The protein product of WAS is known as WASp. It contains 502 amino acids and is mainly expressed in hematopoietic cells (the cells in the bone marrow that develop into blood cells). The main function of WASp is to activate actin polymerization by serving as a nucleation-promoting factor (NPF) for the Arp2/3 complex, which generates branched actin filaments. Several proteins can serve as NPFs, and it has been observed that in WAS platelets the Arp2/3 complex functions normally, indicating that WASp is not required for its activation in platelets. In T-cells, WASp is important because it is known to be activated via T-cell receptor signaling pathways to induce cortical actin cytoskeleton rearrangements that are responsible for forming the immunological synapse.
The severity of the symptoms produced by WAS mutations correlate with their effects on WASp. Alleles that produce no or truncated protein have more severe effects than missense mutations. Although autoimmune disease and malignancy may occur with both types of mutations, patients with truncated WASp carry a higher risk. A defect in the CD43 molecule has also been found in WAS patients.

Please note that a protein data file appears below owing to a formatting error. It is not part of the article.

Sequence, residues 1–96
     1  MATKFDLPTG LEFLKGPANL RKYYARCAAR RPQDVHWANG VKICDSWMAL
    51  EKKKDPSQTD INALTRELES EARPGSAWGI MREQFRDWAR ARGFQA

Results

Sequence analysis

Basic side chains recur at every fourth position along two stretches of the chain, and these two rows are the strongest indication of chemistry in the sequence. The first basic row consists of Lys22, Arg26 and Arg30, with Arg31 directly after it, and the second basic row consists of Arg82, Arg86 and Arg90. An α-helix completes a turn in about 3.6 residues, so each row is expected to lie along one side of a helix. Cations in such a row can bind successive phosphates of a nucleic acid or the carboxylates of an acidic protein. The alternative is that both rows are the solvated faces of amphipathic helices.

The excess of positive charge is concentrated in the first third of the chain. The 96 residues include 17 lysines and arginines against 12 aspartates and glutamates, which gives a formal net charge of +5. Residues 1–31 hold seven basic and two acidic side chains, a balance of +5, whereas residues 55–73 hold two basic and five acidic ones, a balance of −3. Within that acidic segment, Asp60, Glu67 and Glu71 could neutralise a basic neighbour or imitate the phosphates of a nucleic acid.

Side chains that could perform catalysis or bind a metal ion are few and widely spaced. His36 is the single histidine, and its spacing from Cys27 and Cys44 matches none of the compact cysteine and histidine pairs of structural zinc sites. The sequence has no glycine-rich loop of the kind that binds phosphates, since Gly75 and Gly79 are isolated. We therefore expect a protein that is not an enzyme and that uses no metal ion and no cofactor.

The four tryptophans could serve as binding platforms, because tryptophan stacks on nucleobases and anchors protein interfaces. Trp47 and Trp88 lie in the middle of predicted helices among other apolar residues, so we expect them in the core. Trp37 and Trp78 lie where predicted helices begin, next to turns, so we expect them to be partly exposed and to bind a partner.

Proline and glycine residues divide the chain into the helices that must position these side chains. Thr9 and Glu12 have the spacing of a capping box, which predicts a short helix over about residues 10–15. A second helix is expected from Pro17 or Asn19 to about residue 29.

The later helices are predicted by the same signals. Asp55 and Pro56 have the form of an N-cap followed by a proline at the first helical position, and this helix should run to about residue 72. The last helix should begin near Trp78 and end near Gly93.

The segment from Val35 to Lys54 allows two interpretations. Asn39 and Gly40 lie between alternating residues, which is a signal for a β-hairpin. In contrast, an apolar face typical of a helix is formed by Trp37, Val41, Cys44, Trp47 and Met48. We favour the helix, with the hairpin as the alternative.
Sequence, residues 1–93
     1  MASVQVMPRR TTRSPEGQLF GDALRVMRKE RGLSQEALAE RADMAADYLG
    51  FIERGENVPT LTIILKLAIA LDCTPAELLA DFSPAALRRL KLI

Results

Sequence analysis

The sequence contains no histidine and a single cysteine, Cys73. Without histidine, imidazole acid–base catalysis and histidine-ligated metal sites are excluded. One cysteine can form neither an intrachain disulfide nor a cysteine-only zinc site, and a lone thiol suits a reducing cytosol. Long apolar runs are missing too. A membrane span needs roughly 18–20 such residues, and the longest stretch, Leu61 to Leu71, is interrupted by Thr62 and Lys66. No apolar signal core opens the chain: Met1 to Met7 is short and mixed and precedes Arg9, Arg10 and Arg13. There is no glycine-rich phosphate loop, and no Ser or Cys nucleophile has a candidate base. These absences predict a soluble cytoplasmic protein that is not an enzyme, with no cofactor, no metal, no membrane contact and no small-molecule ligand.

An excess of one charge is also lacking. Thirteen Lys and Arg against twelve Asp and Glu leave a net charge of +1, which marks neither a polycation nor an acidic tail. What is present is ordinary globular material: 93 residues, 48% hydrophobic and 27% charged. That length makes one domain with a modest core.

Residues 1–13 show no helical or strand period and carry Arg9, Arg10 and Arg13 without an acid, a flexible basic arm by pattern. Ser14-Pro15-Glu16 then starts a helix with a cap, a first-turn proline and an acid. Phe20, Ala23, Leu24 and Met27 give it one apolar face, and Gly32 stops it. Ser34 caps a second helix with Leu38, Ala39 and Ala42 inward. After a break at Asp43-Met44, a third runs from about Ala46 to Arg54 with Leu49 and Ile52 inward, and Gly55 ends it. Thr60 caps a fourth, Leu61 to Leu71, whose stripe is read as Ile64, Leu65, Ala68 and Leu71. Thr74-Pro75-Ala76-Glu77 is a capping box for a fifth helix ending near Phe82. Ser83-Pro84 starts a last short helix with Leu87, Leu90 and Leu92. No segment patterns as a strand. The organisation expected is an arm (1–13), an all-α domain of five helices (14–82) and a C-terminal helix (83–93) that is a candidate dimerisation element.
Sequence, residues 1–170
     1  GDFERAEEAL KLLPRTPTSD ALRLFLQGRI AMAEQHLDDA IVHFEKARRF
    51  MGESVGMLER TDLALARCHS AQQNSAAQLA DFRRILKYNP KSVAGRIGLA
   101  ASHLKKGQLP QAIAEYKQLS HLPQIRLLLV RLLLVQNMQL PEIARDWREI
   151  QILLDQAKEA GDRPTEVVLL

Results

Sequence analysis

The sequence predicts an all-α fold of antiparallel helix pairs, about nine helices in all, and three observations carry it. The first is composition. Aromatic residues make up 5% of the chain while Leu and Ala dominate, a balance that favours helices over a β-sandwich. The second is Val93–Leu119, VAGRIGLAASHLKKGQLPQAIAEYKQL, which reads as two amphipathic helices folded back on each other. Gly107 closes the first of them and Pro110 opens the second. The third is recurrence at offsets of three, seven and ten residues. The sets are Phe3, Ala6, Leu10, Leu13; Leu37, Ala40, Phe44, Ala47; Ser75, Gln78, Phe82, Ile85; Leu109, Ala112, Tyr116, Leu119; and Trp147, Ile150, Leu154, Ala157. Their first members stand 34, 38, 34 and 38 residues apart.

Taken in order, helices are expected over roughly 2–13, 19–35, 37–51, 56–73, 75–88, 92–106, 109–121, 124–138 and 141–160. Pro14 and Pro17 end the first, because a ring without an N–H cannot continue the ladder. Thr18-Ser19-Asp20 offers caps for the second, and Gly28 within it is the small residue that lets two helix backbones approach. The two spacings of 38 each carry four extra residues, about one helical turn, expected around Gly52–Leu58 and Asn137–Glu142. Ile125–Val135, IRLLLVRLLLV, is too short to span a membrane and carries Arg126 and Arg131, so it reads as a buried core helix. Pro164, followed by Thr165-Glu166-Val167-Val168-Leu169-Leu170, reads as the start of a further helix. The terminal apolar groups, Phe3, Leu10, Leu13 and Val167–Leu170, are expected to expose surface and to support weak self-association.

The diagnosis is made on the basis of clinical parameters, the peripheral blood smear, and low immunoglobulin levels. Typically, IgM levels are low, IgA levels are elevated, and IgE levels may be elevated; paraproteins are occasionally observed. Skin immunologic testing (allergy testing) may reveal hyposensitivity. Not all patients have a positive family history of the disorder; new mutations do occur. Often, leukemia may be suspected on the basis of low platelets and infections, and bone marrow biopsy may be performed. Decreased levels of WASp are typically observed. The current gold standard for diagnosis is genomic DNA sequence analysis, which can detect WAS and the related disorders XLT and XLN in the vast majority of patients and carriers. .
Jin et al. (2004) employ a numerical grading of severity: